Jurisprudence

How States Are Filling the Leadership Void

And why the federal government can’t coerce states to reopen before they’re ready.

A woman wearing a mask stands behind a cash register and holds a cellphone up to her ear.
Johanna Ramirez works in her grocery store in Fort Lupton, Colorado, on Thursday. Keith Coffman/Reuters

On this week’s episode of Amicus, Dahlia Lithwick spoke with Colorado Attorney General Phil Weiser about how states’ rights are coming into play during the coronavirus pandemic. A portion of their conversation, which has been edited and condensed for clarity, has been transcribed below.

Dahlia Lithwick: Let’s start with the basics. You are on the front lines trying to be the attorney general in the midst of a developing crisis/conversation about states’ rights and governors’ responsibilities and the line between states and the federal government. Has this changed your job, or has it always been some version of this?

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Phil Weiser: We’re in a different world with Donald Trump as president. States are more important than ever. I stepped up to serve knowing that federalism was front and center. Now in COVID, we are seeing this on steroids because the federal government’s lack of leadership here is such a point of pain. States are bidding against each other for PPE and ventilators because we don’t have national leadership. One of the things the national government can do is coordinate among states, and that isn’t happening, leaving states to fend for ourselves.

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Another issue that’s coming down the pike is consumers who are distressed in the economic fallout that’s coming in the wake of the public health crisis. Here, too, we have to both pick up the slack that the feds might not be doing and, in some cases, sue the feds for their failure to do their job.

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Can you give us your CliffsNotes on the 10th Amendment, on federalism, and how you would help delineate the line between state and federal prerogatives in a pandemic?

States have an independent, sovereign role to the people of their state. This is why Bill Barr can’t order any state governor to decide when to end a public health emergency. The states have that authority. It’s the police power of the state. Whatever the state’s going to do, the state governor and the state legislature need to be accountable for it.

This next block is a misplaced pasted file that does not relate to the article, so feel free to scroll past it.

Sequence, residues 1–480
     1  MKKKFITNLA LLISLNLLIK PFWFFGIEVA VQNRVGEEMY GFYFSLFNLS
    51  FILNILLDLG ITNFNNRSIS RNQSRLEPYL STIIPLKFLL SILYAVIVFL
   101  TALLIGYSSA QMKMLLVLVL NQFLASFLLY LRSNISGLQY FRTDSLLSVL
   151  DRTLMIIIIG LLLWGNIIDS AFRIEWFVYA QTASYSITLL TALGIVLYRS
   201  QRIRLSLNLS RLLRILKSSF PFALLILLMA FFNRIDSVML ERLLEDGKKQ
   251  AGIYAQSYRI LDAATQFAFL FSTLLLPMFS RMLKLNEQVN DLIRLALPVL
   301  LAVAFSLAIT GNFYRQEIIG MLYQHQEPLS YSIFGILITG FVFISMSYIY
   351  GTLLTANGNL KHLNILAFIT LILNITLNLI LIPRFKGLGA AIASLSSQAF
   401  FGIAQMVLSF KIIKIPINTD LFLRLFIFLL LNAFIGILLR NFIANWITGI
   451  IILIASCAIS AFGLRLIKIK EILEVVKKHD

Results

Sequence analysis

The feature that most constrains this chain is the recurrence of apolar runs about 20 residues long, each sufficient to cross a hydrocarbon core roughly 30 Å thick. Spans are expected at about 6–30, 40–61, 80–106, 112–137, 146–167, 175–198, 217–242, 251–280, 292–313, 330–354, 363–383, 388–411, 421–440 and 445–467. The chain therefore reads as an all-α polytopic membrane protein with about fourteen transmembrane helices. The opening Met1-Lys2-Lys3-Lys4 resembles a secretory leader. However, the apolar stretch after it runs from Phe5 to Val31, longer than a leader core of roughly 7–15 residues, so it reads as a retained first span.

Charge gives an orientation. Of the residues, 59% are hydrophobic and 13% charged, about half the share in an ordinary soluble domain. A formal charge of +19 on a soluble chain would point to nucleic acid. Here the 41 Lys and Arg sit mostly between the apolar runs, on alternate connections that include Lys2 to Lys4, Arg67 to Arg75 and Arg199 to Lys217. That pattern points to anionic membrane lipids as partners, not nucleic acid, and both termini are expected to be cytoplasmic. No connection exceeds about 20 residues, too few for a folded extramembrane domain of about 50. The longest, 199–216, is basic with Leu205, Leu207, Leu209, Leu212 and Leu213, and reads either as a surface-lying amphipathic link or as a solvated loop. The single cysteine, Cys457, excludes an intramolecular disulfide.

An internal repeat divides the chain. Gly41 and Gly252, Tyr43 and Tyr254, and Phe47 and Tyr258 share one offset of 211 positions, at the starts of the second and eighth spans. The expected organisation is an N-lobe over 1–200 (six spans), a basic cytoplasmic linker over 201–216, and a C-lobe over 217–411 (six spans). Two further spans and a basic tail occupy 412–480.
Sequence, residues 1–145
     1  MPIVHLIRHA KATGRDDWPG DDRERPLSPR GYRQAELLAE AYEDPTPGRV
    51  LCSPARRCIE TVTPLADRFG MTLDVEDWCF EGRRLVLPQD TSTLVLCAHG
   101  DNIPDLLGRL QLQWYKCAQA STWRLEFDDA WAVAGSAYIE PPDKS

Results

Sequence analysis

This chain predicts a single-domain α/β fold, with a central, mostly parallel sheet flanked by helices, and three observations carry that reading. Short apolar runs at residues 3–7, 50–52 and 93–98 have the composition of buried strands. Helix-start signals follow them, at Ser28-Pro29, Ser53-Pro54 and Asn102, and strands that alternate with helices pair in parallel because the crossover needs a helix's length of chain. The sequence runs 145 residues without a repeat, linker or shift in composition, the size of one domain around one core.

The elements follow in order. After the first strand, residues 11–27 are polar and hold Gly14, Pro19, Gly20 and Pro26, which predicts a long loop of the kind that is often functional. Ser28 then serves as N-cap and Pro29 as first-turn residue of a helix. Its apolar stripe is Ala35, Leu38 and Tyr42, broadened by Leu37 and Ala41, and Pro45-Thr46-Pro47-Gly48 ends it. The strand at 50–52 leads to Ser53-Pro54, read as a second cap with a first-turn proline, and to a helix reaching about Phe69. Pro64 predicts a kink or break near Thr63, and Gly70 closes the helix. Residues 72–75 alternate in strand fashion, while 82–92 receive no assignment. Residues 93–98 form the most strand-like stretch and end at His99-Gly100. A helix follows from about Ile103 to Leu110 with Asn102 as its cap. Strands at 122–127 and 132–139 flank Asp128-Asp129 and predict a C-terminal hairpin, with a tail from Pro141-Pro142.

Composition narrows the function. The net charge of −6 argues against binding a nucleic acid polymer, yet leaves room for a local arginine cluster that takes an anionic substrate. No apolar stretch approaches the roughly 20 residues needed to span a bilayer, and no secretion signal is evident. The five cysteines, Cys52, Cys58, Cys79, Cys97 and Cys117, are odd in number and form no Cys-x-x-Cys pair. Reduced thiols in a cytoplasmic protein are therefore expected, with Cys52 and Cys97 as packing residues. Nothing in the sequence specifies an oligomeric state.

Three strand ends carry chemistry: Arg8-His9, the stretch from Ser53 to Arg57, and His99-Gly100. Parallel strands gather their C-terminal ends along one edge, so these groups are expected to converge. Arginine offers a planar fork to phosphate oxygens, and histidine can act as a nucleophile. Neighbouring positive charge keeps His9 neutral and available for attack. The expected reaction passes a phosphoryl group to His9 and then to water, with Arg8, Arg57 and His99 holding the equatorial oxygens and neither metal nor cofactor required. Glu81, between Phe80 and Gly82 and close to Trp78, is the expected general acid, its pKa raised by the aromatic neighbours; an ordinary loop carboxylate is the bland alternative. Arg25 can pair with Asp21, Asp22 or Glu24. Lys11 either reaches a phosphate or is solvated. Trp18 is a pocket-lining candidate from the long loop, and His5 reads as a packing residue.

The feds can provide support and say, “Here, we’ll give you money for a ventilator and you can’t use that money to buy guns for your police forces,” but the federal government can’t say, “Oh, we have this program that we used to give you money for your police forces, and if you don’t want to open up tomorrow, we’re taking away all this money.” That’s coercion, and that goes against the whole concept of federalism, which leaves the states with an independent sphere to operate.

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In a perfect world, you’re right, states have vast constitutional authority to regulate health and welfare in the state, but we also do have a long, long history of the national government involving itself in health policy, right? If we had a functioning Congress that wanted to be responsible in this pandemic, there are a lot of things that Congress could be doing. It’s not the case that this is solely the authority of the states, right?

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That’s right. The federal government, in a perfect world, would have been ramping up and building up testing capacity in January, February, knowing this was coming, and would have said to every state, “We have all this testing capacity. We are going to provide it to you.” That would be an extraordinarily valuable role the federal government could play. It hasn’t played that here. The states have been fending for themselves on testing, among other areas.

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Why haven’t we seen a massive authoritarian power grab from this administration? It has to be the case that federalism in this moment is one of the biggest checks against a really authoritarian power grab.

You have put your finger on it, and this is something that the founders appreciated. They were terrified of concentrated power. They studied King George and wanted to ask the question, “How can we create a government that diffuses power and protects liberty?” States having the independent authority that we have is absolutely a protection of liberty. It’s a protection also of sound governance.

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If we did only have a national government right now, this pandemic would be much worse because the states have been the ones in the lead, which is why people are talking about governors, whether it’s Mike DeWine in Ohio, Andrew Cuomo in New York, or others. That has filled a vacuum. The federal government leadership is most effective when it can be out ahead of issues and it can be led by a competent administration. That’s why during the New Deal FDR was able to have such a national impact, because it was competent and it was doing things, but if the federal government is not doing things, if it’s purely reactive behind the curve, chaotic, then the states have to fill the void.

Listen to this episode, in which Weiser also discusses cooperative federalism, vote by mail, and the faithless electors case, below, or subscribe to the show on Apple Podcasts, Overcast, Spotify, StitcherGoogle Play, or wherever you get your podcasts.

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